UPPER SADDLE RIVER, N.J. (CBSNewYork) — Some Bergen County residents say they a water emergency on their hands.
Pristine streams in Upper Saddle River have turned brown, due to development nearby. It’s a problem CBS2 told you about last year and it has gotten worse, Lisa Rozner reported Thursday.
Ducks and turtles were recently seen swimming through mucky streams. Some residents call it an environmental disaster right outside their window. In 2017, kids played here, but not anymore.
“My house dropped approximately 33 percent in value,” resident Derek Michalski said. “My backyard is flooded for the second year in a row, almost chocolate brown water every time it rains.”
The mud is coming from a former golf course and apple orchard that contained arsenic from pesticides. It sits where Mahwah, Upper Saddle River and Ramsey meet. Last year, Drone Force 2 showed some 1,000 trees were cut down and hoses were spotted pumping mud onto an adjacent waterway.
Now, developer Toll Brothers is constructing dozens of upscale homes, but still the sediment-laden water is spilling onto the streets during heavy rains.
Resident Erik Friis recorded the situation on video. He said he believes it’s what prompted the towns of Upper Saddle River and Mahwah to again issue a stop work order that has now been in place for three weeks.
Kevin Boswell of Boswell Engineering is contracted by both municipalities to hold Toll Brothers accountable. He said the water is safe, but unsightly.
“It’s unacceptable,” Boswell said, but added when asked when residents can expect their water color to start getting back to normal, “I believe that you’re seeing significant progress being made at this time.”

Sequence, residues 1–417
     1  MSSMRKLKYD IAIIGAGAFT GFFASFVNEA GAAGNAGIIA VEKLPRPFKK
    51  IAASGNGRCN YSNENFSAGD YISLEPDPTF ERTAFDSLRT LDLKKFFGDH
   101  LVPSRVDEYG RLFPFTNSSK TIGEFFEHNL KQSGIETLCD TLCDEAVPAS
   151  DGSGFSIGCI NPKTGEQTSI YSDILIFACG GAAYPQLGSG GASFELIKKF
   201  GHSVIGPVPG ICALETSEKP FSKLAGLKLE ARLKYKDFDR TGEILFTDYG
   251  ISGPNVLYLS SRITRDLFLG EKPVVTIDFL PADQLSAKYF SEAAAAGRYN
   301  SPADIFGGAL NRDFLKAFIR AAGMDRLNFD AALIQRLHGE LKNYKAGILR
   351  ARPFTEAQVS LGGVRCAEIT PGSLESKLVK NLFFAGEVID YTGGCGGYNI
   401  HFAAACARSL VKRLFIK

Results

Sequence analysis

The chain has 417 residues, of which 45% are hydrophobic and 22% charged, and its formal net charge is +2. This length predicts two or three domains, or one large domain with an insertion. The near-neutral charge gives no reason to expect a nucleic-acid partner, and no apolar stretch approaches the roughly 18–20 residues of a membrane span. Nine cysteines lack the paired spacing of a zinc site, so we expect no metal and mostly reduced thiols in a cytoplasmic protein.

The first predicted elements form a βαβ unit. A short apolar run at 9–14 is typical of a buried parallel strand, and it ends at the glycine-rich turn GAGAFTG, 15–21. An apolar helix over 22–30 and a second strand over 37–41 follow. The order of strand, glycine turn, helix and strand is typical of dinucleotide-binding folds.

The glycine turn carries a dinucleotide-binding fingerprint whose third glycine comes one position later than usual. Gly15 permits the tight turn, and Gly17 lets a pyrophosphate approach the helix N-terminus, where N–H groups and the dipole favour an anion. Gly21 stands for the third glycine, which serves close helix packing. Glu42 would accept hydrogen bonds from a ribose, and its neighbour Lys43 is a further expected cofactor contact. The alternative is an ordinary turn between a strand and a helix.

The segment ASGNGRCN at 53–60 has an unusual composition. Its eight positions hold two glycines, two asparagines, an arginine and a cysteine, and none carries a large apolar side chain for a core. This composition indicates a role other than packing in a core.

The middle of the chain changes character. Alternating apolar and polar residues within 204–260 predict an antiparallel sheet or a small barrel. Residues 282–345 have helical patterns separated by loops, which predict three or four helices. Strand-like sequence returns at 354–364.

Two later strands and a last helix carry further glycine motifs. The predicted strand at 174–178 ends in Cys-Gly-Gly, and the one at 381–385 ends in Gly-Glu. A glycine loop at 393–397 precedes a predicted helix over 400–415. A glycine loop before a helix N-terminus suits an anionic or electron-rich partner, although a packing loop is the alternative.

MORE: Read The Stop Work Order
As for its impact to residents’ health, the New Jersey Department of Environmental Protection said it tested more than 1,000 samples and everything is well below the legal limit.
However, some residents said when they had an outside lab test the water connected to their private wells it did not pass New Jersey drinking water standards, Rozner reported.
Boswell said arsenic is often naturally occurring in state wells, but resident continue to blame the project.
“We’re seeing a number of people test levels for fear of arsenic contamination and we’re seeing higher levels appear,” Friis said.
Toll Brothers twice declined to interview with CBSN New York on camera, but a spokesperson emailed, saying the site was remediated in 2017 and the company is working on containing the storm water.
But some residents are not buying it.
“After over two years they’ve been saying the same thing over and over and what they basically do is just a Band-Aid,” an Upper Saddle River resident said.
And only time will tell if residents will get their clear water back for good.
A highly regarded environmental engineer at Stevens Institute of Technology told Rozner it will likely take proper runoff measures and several rainstorms for the brown water sediment to wash away.